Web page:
There are currently virtually no fundraising campaigns for men and cancer. I want to help change that.
‘Rise Up!’ is a campaign that originates in this fact, as well as the fact that disease is often passed over in silence by men. Men also find it difficult to consult their GP, which contributes to the lack of discussion and taboo.
There are countless calls for men from their wives or other relatives to consult their GP, but it turns out that men have difficulties in a consultation.
But why is it that hard for men to consult the doctor? There are several reasons for this. For some, there is a real fear of a diagnosis, which can lead to thoughts of loss of masculinity and/or that others may perceive the man as weak.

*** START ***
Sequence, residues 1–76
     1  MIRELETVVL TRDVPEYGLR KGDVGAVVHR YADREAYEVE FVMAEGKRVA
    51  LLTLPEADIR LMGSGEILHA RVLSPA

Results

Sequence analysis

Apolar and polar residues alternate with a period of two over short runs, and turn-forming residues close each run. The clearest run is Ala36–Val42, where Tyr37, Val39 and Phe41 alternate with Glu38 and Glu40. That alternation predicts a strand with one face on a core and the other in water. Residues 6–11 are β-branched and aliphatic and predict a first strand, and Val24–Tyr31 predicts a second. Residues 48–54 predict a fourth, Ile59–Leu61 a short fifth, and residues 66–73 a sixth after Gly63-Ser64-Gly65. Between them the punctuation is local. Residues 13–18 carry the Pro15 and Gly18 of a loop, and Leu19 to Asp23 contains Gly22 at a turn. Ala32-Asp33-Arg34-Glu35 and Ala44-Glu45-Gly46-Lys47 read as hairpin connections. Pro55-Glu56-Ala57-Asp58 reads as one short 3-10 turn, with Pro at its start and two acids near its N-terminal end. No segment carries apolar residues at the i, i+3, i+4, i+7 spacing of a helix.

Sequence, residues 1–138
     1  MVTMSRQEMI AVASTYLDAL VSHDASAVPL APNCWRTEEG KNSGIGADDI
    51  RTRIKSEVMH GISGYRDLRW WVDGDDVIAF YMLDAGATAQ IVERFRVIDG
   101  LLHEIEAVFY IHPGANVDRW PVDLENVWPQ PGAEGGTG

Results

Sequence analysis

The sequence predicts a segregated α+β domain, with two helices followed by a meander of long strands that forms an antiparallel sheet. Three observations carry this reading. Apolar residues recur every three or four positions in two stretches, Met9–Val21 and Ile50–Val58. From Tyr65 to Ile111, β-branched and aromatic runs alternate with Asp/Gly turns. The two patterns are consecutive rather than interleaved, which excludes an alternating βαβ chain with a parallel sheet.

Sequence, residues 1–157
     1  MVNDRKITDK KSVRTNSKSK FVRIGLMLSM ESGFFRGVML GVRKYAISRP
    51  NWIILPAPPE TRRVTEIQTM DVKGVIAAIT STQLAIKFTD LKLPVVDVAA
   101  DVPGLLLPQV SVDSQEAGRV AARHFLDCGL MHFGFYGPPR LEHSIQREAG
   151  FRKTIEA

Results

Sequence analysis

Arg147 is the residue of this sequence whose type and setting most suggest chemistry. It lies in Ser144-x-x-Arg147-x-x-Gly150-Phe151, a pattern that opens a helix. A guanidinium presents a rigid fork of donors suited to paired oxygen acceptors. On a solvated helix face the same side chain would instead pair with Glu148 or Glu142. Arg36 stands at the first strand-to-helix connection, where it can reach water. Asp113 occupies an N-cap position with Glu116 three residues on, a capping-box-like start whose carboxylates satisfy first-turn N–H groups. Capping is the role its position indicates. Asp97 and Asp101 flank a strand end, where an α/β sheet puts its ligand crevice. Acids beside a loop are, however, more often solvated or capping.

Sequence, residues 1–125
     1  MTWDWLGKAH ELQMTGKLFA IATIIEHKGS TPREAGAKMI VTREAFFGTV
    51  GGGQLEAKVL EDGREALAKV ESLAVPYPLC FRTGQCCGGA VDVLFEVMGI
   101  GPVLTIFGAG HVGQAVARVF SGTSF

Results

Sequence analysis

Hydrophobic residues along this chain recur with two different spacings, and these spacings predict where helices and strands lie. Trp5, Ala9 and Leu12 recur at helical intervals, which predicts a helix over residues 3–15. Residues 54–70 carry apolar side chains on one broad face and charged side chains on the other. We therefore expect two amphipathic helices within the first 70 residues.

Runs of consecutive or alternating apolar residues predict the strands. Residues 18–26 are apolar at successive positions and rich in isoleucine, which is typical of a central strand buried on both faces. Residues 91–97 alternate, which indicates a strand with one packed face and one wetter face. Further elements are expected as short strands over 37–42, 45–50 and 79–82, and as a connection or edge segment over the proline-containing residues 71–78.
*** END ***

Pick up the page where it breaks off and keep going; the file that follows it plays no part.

Many men identify themselves through their achievements and their jobs, and the prospect of not being able to perform is equated with loss of identity, and this can deter men from consulting the doctor.
Others have a trivial threshold, which – in the eyes of others – seems quite unreasonably high.
Then there is the systemic factor, which is probably rather overlooked, of the way in which we have organised our hospital system. It seems cumbersome and very time-consuming to have to consult their GP with a lot of waiting time (which is seen as wasted time), and it is not considered very efficient.
At the same time, as many men feel that they are busy in their daily lives, wasted time is seen as annoying and contributes to postponing visits to their GP.
At the same time, men are quite good at not going around worrying and ‘feeling’ all the time, and as long as it does not directly inhibit the man, he may well ‘forget’ the need to consult his GP.